For kids of course you totally change your palette, totally sublimate your desires. Which is fine and good. But, thats when a kid comes along. if they get on a bread kick, you’re eating bread every day. But, a man and a kid? Serving both and completely prostrating your desire to make a healthy soup n salad?

              I thought a lot about this post and thought maybe i oughtta take a cooking class or something to get prepared. Perhaps cook through julia child’s book. But if i cook that for myself ill just get even fatter plus if it tastes bad I’ll get discouraged. I guess there were many things I was told to learn to do to please men and I never had the intrinsic motivation. Pretty much saw it as suppressing myself. To wear skirts, heels, go to the gym, etc. Only if it has some ‘health’ or personal empowerment angle do I latch onto it. I have a lot of Virgo style energy and if I get some cookbook with specific steps and/or a healthy angle, I’d probably start cooking more like Amanda hesser for guys or something. Or perhaps I could learn a couple showy pastry dishes. I guess it might be some time yet before I feel an ease and facility with cooking (as opposed to blending, processing and chopping) rather than anxiety. I have this fragile ecosystem of vegetables, fruits, and spices that I’ve won with one good dietician/cookbook writer and seems so easy to upend with burnt food and over salting. He showed interest in my recipes, so that’s progress.

            2. I guess I need some good cookbook. I know lots of guys who push the plate away when they don’t like their food and aren’t even grateful you tried (read: people in my family when my mom makes dinner sometimes)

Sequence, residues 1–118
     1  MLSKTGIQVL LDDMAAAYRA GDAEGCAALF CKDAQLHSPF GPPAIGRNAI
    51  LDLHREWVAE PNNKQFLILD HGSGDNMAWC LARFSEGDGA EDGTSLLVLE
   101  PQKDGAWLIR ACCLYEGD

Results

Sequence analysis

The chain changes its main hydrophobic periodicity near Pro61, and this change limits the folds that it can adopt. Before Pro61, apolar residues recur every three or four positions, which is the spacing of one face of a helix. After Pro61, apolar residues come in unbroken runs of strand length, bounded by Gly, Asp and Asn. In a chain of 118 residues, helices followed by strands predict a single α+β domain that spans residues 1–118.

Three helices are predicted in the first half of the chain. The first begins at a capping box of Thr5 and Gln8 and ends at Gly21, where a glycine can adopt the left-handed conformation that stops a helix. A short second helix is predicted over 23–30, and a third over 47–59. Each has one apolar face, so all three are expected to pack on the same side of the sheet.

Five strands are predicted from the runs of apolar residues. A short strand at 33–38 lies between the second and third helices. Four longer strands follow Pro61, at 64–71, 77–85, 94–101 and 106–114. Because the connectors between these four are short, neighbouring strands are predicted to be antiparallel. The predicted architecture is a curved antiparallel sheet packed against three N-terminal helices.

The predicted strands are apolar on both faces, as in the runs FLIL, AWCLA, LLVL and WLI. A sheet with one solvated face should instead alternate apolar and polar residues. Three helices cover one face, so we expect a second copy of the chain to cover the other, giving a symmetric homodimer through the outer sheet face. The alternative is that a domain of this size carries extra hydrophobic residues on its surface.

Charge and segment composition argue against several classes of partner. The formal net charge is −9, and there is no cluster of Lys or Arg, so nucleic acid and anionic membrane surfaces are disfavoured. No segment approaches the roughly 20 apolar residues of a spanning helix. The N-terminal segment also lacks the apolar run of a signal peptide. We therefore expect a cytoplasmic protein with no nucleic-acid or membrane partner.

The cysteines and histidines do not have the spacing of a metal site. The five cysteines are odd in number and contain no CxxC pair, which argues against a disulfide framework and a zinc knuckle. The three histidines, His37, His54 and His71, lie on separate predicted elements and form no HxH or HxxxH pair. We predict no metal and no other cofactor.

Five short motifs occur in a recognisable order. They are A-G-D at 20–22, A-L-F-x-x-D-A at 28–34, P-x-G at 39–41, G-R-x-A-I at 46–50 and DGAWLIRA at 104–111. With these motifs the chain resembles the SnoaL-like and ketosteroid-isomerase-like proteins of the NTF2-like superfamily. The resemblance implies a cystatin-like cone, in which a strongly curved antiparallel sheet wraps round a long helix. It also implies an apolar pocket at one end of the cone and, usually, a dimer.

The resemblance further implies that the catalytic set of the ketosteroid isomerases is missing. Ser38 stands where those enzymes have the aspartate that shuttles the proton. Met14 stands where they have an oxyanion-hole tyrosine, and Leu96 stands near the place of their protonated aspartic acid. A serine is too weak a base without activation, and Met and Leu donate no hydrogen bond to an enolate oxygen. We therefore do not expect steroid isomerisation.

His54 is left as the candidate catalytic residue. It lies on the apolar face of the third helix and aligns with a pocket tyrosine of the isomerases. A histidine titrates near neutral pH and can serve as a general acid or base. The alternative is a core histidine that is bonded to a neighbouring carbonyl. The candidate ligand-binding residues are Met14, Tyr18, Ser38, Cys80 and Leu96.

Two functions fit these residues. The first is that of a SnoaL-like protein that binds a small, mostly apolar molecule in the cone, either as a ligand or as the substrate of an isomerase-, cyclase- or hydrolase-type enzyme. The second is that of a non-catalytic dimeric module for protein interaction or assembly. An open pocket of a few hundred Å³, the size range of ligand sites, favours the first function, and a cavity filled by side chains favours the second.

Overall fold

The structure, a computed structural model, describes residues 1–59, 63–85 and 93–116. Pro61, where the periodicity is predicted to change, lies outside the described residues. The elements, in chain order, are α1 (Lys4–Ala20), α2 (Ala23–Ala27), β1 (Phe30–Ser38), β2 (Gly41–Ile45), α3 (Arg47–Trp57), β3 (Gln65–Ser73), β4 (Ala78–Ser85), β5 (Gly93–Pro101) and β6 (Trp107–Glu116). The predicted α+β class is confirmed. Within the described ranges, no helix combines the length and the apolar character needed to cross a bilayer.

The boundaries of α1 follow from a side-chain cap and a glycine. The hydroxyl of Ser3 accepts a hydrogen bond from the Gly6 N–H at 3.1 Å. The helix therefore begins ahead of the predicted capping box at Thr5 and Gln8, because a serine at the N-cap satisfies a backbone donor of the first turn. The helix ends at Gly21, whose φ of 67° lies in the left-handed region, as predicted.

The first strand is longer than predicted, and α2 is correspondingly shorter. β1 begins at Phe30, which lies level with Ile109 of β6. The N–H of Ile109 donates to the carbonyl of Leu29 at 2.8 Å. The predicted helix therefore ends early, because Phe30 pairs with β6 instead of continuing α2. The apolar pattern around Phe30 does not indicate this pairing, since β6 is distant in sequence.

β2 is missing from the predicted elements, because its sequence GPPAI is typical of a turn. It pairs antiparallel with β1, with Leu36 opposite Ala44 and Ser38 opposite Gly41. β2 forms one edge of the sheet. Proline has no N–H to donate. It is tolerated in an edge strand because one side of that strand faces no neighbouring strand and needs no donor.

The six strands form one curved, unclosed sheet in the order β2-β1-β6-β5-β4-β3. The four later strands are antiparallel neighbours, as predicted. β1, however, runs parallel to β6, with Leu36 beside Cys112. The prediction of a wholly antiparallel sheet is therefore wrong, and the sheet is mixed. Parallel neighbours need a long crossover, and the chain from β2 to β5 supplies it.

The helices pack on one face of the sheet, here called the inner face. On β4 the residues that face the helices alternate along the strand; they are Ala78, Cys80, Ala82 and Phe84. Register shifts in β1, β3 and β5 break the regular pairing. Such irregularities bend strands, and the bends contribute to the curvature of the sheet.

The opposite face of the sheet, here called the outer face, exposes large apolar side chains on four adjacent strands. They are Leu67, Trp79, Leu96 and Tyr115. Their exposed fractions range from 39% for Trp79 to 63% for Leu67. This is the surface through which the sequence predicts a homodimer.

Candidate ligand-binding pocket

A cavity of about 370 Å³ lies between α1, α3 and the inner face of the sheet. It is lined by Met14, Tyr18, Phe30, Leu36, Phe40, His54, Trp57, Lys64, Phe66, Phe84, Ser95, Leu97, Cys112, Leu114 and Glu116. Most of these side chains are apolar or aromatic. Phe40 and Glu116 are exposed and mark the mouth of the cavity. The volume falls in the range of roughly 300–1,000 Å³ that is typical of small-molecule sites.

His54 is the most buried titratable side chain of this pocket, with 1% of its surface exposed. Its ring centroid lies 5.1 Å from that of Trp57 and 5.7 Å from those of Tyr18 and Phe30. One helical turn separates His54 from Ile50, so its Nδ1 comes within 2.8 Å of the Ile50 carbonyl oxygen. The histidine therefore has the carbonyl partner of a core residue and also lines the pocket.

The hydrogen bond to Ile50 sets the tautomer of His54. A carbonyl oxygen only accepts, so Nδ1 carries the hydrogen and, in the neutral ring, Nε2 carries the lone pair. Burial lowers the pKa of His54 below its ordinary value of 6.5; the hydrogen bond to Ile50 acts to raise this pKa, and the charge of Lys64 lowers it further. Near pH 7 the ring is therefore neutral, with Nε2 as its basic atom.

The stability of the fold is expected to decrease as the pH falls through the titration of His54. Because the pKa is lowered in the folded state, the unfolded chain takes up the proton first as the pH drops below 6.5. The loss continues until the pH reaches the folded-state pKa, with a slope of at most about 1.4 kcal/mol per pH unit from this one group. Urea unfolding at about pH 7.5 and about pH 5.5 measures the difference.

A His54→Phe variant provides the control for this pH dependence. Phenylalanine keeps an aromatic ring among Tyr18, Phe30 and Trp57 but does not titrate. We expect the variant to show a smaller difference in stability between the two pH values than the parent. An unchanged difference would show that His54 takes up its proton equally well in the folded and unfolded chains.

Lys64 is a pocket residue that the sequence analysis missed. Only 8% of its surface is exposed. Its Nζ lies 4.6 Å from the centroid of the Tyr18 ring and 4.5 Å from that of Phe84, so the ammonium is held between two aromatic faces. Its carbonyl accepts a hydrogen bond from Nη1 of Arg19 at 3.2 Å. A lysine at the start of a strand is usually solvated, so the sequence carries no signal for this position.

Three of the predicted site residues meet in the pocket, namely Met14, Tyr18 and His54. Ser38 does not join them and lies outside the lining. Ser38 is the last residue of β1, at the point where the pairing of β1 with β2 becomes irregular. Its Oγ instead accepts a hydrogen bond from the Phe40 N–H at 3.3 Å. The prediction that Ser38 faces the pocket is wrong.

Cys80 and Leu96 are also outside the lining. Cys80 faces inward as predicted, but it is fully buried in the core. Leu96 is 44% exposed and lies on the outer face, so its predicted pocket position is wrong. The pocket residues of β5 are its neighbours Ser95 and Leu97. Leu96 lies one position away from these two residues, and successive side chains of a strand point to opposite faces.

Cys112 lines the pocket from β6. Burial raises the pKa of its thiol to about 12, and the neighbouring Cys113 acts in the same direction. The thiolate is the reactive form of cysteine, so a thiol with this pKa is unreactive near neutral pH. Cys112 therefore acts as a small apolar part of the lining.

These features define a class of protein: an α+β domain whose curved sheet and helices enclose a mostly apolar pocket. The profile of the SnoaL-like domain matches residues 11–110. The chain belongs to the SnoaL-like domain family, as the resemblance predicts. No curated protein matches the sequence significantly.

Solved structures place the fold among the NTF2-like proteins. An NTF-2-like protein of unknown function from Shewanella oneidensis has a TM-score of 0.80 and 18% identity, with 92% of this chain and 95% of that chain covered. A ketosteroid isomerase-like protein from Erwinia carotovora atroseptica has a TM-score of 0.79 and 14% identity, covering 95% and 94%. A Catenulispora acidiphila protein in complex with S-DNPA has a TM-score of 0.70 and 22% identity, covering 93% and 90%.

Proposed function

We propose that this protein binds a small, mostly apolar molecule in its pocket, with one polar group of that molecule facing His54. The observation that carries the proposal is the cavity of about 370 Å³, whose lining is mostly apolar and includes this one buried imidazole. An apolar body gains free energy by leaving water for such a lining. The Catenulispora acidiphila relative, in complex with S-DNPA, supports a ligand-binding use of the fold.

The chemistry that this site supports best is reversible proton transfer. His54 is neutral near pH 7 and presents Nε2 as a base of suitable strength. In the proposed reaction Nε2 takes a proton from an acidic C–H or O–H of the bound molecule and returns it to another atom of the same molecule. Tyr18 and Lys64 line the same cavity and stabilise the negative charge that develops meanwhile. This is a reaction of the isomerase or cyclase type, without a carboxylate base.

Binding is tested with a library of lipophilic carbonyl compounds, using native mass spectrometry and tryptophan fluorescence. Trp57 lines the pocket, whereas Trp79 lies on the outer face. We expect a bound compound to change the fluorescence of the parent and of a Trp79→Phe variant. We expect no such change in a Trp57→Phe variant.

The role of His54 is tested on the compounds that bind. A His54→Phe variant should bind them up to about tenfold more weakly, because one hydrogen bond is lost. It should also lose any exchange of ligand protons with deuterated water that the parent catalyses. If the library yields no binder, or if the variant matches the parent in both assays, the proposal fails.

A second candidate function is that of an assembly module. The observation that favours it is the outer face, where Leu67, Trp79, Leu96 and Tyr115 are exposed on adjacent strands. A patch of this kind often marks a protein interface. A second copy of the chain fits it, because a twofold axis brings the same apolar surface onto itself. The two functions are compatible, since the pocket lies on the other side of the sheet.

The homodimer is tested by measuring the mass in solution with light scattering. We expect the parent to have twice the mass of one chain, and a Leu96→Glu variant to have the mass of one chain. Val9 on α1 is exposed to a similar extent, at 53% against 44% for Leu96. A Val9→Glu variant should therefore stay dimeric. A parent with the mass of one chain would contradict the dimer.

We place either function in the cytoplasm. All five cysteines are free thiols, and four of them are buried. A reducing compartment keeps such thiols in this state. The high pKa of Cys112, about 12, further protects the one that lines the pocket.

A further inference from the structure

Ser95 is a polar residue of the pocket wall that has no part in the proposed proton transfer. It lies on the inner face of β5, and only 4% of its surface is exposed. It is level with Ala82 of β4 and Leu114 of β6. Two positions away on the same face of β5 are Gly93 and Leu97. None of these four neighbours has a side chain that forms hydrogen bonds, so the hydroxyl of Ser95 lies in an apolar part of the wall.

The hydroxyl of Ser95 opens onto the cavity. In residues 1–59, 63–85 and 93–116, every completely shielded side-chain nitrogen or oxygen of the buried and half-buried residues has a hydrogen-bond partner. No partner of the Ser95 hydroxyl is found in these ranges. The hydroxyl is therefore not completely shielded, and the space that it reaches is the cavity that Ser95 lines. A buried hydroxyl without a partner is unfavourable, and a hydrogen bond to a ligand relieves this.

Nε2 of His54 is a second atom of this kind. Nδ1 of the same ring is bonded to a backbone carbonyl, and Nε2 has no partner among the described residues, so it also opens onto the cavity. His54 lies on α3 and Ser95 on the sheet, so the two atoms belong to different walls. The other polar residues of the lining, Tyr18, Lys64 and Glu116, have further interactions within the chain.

3. I totally lol’ed at scrapple…as something someone would demand 🙂

              Send him to a diner, you’d have to get a pound of it at the store and unless it’s a family, who eats that much? Anyway, good luck figuring this out!!

  17. Interesting, I’ve never thought of making food (for others) as “empowering”, but I guess it could be.
    It depends on how you feel about it. For my part I know I can cook, have done that before (in a previous life) but did not like the idea that I was working all the time + taking care of stuff while my boyfreid just sat back (his mother’s upbringing).
    So I tend to think of that as some sort of slavery.
    But I do admire and respect women who cook for their family, even if they work. Especialy those who commute and have long hours of transportation. How do they have the strenth to keep this up, I don’t know.
    These days I just cook for myself, and not very much – stuff I think I wouldn’t dare propose to anyone! I’m not self-confident about this talent. I do think it’s a talent.